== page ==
Anna Bolena, Opera by G. Donizetti
The deep artistic interest into the English Tudor period inspired Gaetano Donizetti to produce several highly praised operas, but the first and arguably most successful one of those was Anna Bolena. One of his classic “queen operas”, it has all the bearing of a genre-defining work, as guests of Rome’s Teatro Costanzi will find out.
Elizabethan times were a period of great political intrigue and similarly expansive cultural growth, and they turned out to be a major source of creative energy for Donizetti. Working on a commission from Milan’s Teatro Carcano, the composer teamed up with librettist Felice Romani to adapt the short but very significant life of Anne Boleyn, the second wife of King Henry VIII.
Romani created his highly fictionalised account of Boleyn’s life based on several pre-existing plays that largely went against the popular historical accounts of the young woman’s motivations and actions. The unlikely depiction of Anne Boleyn as an innocent martyr that quietly accepts her fate at the hands of an unjust absolute monarch works surprisingly well, mainly thanks to Donizetti’s fantastic score.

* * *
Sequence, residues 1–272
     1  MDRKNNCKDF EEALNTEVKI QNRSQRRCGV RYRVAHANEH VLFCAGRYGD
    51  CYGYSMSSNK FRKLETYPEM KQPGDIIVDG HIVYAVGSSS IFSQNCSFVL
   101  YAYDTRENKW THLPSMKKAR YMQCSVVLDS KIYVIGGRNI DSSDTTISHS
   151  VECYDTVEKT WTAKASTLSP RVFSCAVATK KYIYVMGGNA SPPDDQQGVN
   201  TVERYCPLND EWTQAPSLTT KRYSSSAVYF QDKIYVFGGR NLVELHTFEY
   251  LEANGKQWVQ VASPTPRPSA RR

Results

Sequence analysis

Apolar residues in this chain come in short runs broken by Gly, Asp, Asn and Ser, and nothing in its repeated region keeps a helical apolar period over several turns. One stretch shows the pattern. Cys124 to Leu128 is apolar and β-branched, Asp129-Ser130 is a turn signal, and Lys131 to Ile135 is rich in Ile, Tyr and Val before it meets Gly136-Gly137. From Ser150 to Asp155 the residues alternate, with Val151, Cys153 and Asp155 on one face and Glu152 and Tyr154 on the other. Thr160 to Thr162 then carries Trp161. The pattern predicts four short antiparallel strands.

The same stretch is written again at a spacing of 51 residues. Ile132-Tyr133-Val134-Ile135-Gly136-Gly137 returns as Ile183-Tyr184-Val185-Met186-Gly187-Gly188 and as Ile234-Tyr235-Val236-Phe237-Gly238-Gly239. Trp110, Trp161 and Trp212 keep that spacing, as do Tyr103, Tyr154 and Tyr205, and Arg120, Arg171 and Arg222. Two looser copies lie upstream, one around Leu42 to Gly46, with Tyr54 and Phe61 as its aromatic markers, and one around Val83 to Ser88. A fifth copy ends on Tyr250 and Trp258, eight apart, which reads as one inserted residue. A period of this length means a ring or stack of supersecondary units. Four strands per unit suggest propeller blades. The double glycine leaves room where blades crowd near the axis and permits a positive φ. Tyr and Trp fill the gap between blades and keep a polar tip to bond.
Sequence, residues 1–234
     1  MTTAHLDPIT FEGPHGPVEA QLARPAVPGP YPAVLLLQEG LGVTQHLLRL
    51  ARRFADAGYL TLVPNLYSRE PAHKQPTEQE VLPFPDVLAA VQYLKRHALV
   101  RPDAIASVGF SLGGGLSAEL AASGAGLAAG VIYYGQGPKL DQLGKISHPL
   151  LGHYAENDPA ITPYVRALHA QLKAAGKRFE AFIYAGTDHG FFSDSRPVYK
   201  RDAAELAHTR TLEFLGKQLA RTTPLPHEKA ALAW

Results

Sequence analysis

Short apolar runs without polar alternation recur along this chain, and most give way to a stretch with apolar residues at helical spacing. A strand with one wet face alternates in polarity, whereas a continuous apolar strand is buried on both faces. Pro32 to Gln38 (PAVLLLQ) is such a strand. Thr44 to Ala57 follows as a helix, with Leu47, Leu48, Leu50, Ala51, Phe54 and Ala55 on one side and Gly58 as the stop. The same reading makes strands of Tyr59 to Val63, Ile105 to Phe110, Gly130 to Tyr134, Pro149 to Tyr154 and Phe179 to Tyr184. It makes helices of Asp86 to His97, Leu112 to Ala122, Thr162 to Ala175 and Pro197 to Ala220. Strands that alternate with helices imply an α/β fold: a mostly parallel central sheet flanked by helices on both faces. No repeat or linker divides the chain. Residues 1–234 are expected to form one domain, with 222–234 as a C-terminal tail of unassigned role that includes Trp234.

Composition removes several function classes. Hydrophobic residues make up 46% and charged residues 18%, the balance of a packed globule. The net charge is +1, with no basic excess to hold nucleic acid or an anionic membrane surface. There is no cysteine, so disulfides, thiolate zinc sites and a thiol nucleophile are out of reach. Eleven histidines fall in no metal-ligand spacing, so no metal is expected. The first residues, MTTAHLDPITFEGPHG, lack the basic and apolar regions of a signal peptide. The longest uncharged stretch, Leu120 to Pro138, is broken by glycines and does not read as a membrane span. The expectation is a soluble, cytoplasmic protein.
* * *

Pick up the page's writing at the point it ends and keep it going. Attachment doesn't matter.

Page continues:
Working on Anna Bolena in his usual mad rush, Donizetti composed the whole opera in a matter of weeks. This fact makes it even more astounding how developed the characters are and how nuanced and expressive each aria and duet sounds. Anna’s solo numbers and especially her prison ‘mad scene’ reveal the purity of her heart and the fortitude of her moral grounding, all in splendid writing for the soprano voice. Giovanna (Jane Seymour) is a beloved role for any mezzo-soprano that delivers passionate and dramatic lines seldom seen in this vocal register.
Donizetti’s compositional style in Anna Bolena pushes the music towards centre stage and employs its expressive potentials in a dynamic amalgam of arias, duets, ensembles and orchestral passages that follow one another in perfect order. The final product never fails to impress. Already at its premiere on 26 December 1830 at Teatro Carcano in Milan, Anna Bolena was an undenied triumph.
Although many are familiar with the story of the devious Anne Boleyn, Donizetti’s Anna Bolena instead paints the picture of an innocent, principled young woman who deeply regrets sacrificing true love for social status. The Maestro’s inspired music will certainly make you believe that!